By Tamia R. Banks, HSM BA, LPN, CMCN, Senior Solutions Broker
Doesn’t Medicare remind you of Alphabet soup? There’s A, B, C, and D. Then you may hear some talking about supplemental plans A, B, D, G, K, L, M, N, and F for those that are eligible—it’s just confusing. Being able to sit down with someone can help put things in better perspective.
Original or Traditional Medicare includes Parts A and B only. It’s provided by the federal government. Part A covers inpatient services such as hospital stays, inpatient care, skilled nursing, and some hospice. Part B covers outpatient services such as doctors’ visits, inpatient and outpatient services, labs, DME, etc. You can enroll on SSA.gov three months prior to turning 65, the month of your birthday, or 3 three months after turning 65. If you are still working you can postpone Part B. But to avoid any potential penalties you should discuss with a Medicare expert.
Offered by private companies is Part C “most commonly known” as Medicare Advantage Plans. You will need to be already enrolled in both parts A and B in order to get enrolled in these plans. Some of these plans cost as little as $0, includes prescription drug coverage, dental, and vision.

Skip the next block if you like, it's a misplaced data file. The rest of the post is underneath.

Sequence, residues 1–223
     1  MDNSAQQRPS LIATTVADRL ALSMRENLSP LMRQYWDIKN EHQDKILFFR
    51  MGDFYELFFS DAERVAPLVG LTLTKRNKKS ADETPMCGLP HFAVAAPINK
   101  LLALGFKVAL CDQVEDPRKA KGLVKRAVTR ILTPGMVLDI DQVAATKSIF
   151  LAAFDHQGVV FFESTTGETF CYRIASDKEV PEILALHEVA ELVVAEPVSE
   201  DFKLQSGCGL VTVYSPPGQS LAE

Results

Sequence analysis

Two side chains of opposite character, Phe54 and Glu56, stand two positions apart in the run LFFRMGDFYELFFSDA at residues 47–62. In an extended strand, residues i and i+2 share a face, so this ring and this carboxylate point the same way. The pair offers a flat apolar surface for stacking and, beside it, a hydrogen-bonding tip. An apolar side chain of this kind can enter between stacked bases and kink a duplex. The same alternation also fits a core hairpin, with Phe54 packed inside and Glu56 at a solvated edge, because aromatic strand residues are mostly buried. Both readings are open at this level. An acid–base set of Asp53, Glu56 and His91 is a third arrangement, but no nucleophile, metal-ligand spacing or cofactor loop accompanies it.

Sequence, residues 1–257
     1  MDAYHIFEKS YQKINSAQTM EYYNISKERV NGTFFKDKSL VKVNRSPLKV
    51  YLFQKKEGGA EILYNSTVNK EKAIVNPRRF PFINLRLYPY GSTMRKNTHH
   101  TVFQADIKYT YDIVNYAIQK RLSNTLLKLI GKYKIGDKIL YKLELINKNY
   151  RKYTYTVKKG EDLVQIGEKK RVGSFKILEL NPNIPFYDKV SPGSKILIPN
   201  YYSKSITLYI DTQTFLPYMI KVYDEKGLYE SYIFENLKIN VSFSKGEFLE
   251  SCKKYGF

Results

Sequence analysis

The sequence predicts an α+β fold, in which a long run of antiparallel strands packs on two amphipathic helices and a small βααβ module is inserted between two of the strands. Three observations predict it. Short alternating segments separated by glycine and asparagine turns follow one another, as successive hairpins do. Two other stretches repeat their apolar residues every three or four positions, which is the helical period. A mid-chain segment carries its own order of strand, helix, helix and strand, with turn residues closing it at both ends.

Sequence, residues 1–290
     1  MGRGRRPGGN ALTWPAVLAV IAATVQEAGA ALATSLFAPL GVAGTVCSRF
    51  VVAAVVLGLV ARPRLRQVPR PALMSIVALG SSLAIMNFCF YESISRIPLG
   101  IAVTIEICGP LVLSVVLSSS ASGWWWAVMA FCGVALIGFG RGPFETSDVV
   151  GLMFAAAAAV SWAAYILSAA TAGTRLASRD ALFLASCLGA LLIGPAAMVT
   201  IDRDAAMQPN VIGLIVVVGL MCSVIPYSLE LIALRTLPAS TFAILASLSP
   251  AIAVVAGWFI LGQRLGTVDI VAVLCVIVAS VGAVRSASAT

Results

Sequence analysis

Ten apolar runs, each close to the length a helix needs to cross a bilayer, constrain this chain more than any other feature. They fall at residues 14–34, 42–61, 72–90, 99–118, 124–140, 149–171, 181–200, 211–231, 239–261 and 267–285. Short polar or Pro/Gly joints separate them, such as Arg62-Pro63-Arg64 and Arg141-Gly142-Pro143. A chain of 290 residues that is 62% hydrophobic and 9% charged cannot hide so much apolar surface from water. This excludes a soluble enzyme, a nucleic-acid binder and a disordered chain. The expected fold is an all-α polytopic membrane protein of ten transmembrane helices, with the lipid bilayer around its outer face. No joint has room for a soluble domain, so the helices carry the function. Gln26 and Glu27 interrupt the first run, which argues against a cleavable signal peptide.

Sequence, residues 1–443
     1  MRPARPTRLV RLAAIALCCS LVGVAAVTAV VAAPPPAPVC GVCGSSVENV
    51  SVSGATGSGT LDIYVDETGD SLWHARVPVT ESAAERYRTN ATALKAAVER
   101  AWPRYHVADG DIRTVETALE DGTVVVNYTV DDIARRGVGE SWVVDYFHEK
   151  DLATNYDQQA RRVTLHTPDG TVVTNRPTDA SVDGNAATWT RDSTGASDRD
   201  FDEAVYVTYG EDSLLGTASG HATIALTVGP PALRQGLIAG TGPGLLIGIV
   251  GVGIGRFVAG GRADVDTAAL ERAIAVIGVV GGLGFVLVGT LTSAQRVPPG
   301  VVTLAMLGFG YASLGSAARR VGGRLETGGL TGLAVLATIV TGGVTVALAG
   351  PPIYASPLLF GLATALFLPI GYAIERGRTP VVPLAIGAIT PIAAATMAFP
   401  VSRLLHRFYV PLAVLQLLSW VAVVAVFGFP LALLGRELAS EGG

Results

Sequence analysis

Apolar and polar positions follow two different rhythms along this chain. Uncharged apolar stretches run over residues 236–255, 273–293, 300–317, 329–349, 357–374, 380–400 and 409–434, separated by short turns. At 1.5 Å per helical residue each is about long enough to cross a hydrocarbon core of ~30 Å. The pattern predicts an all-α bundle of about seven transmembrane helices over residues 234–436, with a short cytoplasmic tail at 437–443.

Offered also by private companies is Part D which helps cover cost of prescription drugs only. You will need a drug plan to avoid penalties.
Medicare Supplement Insurance Plans (Medi-Gap) are also offered by private companies. You will need to be already enrolled into both parts A and B to purchase. These plans help pay some of the out-of-pocket costs that come with Original Medicare. You will need to purchase a stand-alone drug plan with a Medicare Supplement Plan.
As you can see from the many letters from the alphabet, television commercials, discussion with family and friends, and much more, Medicare can be very complicated. It definitely is not a one all fits all. There are costs that come with each. You need to know what covers what, if deductibles apply, and which plan best fits you.
So, if you are turning 65 soon or know of someone who is, this article should help. Don’t be late. To avoid penalties, you can enroll three months before turning 65, the month of, or three months after. You should know what could potentially happen if you wait and not enroll three months prior to turning 65. Call a Medicare or Social Security expert if you don’t know the risk. They can help guide you and to help with understanding Medicare.
For more information, contact Medical Reimbursement & Management Services, Inc., focusing on the issues of Older Americans: legal, financial, free guidance for residential placement, and healthcare issues. Call: 309-693-1060. Website: www.MRMS-INC.COM. Location: 809 W. Detweiller Dr., Peoria, IL 61615.
For additional informative and inspirational articles, visit 50 Plus News and Views Greater Peoria Area online edition.